The Commission Vice‑President for Values and Transparency, Věra Jourová, recently said that most bureaucracy originates in the Member States(1). She said that ‘we ourselves are complicating the use of EU funds’ and that the Slovak Government has one last chance to find the so‑called executioners that will put an end to Slovak bureaucratic nonsense, otherwise, we will have no chance to use the billions from Brussels. The state creates 80 % of EU fund absorption processes: only 20 % are based on guidelines from Brussels.
This contrasts with the statements of the Commission High‑Level Group of Independent Experts on Monitoring Simplification for Beneficiaries of the European Structural and Investment Funds (ESIF), which said that excessive and overlapping guidance at the EU level ‘has long passed the point of being able to be grasped either by beneficiaries or by the authorities involved’. The group also said that ‘there are too many rules [in the ESIF regulations] which bring only very limited value, or – because of insufficient differentiation in approach – duplicate what is already being done more efficiently under national or regional rules in currently well-functioning administrations’. Finally the group gives the example of how ‘for the 2014‑2020 programming period, the volume of rules for Cohesion Policy alone runs to over 600 pages of legislation and 5 000 pages of guidance’.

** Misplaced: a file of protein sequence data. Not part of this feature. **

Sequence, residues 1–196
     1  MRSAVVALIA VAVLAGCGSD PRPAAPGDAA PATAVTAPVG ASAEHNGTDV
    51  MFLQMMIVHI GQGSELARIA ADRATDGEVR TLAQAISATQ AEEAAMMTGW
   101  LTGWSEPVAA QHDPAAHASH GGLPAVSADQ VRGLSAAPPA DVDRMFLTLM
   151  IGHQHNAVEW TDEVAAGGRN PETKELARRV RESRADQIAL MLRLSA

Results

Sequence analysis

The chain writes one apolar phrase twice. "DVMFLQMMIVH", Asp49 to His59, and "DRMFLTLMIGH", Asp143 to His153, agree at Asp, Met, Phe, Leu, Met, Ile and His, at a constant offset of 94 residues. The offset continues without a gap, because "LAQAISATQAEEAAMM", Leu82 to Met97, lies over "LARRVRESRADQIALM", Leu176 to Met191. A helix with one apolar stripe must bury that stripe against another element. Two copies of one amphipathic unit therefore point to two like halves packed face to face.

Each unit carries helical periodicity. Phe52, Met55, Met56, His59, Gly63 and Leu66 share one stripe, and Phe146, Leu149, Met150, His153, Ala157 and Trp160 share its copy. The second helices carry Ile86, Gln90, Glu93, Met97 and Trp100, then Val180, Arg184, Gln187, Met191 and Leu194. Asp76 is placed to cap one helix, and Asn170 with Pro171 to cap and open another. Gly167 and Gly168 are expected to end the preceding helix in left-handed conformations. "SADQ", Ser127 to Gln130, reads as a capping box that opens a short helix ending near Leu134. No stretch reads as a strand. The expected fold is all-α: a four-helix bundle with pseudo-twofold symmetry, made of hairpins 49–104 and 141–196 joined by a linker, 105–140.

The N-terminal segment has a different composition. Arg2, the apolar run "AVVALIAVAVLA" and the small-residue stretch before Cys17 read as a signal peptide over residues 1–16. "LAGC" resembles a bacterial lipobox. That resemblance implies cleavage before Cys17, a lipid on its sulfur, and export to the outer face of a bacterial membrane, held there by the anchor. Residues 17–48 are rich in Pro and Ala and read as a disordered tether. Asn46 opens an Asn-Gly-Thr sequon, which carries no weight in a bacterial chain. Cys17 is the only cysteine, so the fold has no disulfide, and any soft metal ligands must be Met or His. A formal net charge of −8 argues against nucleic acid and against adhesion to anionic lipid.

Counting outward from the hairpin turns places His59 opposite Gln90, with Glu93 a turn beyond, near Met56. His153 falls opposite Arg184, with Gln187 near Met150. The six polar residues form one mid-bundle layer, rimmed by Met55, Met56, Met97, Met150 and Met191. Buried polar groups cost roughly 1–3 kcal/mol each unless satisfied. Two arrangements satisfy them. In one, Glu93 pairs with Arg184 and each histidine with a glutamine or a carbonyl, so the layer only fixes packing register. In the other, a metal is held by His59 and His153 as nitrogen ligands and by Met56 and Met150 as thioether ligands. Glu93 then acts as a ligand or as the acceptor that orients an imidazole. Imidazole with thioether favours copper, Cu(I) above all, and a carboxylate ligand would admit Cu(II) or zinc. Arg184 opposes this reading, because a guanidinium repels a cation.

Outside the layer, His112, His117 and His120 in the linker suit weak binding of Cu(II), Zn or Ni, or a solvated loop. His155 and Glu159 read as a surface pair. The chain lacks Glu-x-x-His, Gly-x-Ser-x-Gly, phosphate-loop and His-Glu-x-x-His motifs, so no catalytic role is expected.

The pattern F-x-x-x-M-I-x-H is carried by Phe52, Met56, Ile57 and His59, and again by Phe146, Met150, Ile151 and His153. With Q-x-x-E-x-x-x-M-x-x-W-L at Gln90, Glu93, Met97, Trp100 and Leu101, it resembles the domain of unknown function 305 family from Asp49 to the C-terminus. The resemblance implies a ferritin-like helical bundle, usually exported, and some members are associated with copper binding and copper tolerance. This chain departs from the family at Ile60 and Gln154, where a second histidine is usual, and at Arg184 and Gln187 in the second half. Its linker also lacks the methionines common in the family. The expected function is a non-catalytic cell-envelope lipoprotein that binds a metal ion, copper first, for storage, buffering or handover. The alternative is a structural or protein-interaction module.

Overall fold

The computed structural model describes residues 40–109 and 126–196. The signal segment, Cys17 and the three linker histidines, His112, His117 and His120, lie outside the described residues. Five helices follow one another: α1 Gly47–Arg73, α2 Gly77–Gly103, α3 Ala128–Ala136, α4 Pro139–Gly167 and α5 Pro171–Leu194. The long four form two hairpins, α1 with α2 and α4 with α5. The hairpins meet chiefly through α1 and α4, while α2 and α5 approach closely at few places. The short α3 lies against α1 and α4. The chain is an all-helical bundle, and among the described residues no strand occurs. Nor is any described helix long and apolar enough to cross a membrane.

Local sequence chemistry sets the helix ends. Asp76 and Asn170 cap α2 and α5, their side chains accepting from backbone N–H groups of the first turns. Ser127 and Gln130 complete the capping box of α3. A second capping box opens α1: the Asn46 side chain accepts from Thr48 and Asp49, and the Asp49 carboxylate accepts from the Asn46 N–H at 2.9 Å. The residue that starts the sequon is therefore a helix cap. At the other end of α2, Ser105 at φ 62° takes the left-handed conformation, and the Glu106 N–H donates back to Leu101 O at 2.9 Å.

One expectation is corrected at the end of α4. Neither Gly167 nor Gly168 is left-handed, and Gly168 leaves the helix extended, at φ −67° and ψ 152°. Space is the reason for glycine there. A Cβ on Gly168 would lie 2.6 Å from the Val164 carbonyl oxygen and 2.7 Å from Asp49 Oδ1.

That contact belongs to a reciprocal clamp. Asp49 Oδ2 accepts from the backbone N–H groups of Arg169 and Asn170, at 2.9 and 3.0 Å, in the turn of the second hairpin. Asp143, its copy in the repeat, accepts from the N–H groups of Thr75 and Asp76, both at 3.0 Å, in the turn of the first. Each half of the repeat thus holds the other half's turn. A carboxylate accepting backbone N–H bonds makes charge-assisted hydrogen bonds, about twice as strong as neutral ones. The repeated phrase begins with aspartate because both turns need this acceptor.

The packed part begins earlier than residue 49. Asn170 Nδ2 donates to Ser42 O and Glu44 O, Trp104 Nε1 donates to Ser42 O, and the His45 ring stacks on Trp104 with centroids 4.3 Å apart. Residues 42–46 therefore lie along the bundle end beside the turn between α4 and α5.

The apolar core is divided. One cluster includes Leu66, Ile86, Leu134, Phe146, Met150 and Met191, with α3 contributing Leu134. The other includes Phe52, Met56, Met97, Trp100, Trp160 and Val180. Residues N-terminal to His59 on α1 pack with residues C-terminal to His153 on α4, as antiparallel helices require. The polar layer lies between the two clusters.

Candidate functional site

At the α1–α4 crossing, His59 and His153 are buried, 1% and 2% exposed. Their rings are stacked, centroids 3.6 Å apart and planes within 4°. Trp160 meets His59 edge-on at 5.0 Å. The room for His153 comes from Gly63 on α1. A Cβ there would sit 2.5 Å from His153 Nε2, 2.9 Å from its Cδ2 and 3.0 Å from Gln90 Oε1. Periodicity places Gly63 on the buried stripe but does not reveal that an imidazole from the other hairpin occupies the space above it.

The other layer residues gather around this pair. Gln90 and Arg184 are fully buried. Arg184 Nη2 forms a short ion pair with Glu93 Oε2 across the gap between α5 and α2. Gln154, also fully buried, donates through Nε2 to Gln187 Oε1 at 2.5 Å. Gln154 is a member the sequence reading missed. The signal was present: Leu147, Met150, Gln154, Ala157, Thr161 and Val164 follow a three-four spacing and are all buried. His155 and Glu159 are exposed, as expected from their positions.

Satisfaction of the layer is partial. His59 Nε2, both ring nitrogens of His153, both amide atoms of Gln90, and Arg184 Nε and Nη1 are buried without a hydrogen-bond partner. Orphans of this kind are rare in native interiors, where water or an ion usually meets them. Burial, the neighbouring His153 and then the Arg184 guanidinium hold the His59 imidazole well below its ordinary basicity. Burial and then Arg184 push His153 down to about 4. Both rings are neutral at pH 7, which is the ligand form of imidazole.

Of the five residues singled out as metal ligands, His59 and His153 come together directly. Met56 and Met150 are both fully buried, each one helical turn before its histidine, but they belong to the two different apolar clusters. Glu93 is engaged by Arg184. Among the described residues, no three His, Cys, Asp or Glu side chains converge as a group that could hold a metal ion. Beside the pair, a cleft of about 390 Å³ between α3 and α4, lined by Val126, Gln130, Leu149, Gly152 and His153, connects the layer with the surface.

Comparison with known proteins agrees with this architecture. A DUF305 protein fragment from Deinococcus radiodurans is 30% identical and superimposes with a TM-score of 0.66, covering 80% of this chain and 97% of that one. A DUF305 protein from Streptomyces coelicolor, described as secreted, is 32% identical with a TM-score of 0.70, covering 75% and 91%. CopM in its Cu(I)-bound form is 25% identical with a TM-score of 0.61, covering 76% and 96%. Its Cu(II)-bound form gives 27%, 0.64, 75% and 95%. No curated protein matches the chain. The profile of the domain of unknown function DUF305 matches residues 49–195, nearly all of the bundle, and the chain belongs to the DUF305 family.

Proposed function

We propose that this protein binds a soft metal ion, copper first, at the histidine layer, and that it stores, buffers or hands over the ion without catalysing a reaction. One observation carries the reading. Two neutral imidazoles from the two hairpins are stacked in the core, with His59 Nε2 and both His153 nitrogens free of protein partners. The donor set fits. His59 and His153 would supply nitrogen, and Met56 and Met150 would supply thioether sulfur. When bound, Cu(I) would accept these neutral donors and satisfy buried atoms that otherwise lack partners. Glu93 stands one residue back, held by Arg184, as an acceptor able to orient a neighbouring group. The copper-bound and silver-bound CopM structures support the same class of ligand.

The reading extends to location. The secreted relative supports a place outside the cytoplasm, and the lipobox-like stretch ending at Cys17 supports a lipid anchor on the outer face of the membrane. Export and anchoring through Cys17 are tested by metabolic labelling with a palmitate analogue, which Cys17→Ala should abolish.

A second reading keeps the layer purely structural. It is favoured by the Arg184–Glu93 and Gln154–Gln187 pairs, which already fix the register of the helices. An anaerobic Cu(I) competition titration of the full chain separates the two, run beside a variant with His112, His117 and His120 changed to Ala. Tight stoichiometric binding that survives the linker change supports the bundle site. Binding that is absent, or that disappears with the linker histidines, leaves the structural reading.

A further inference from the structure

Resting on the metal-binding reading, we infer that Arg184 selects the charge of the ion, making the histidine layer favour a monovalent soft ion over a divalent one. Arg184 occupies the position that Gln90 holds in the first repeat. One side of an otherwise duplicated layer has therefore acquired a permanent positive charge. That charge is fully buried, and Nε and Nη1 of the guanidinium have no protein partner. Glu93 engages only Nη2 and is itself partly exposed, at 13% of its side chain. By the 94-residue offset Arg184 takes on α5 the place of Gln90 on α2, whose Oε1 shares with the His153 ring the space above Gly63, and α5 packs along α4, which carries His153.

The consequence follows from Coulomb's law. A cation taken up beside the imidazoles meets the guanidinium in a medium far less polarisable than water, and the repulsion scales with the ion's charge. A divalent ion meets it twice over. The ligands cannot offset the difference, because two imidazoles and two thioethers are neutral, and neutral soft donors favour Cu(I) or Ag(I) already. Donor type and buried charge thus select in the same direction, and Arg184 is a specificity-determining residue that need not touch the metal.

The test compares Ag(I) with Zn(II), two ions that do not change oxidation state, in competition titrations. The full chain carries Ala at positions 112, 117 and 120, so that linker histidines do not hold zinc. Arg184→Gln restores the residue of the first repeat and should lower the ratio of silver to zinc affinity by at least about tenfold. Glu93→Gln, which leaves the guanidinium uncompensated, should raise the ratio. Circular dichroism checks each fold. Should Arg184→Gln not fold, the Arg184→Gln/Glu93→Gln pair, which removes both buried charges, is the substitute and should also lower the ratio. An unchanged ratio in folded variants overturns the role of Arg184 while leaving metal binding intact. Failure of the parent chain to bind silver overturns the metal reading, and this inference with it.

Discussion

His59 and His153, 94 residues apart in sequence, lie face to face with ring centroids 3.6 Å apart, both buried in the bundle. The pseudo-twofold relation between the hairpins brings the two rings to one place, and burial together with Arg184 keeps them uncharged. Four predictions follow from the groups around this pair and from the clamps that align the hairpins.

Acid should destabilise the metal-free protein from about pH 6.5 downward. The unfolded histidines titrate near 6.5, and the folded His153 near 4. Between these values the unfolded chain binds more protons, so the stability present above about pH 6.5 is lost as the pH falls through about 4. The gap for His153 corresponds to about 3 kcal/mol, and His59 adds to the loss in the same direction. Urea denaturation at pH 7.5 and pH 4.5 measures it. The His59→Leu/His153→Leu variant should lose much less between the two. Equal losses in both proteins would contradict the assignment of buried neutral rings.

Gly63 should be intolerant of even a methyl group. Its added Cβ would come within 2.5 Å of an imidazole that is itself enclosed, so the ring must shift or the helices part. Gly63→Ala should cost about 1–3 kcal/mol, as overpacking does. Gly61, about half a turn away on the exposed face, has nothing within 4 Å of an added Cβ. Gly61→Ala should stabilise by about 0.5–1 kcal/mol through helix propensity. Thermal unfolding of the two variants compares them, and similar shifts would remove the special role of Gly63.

Without knowing the roots of bureaucracy, we cannot solve this problem.
We would therefore like to ask the Commission whether it plans to carry out an analysis of the source of bureaucracy accompanying the ESIF and to assess administrative practices and procedures in every Member State. This was also suggested in the European Court of Auditors Special Report No 07/2020 on the cost of cohesion policy.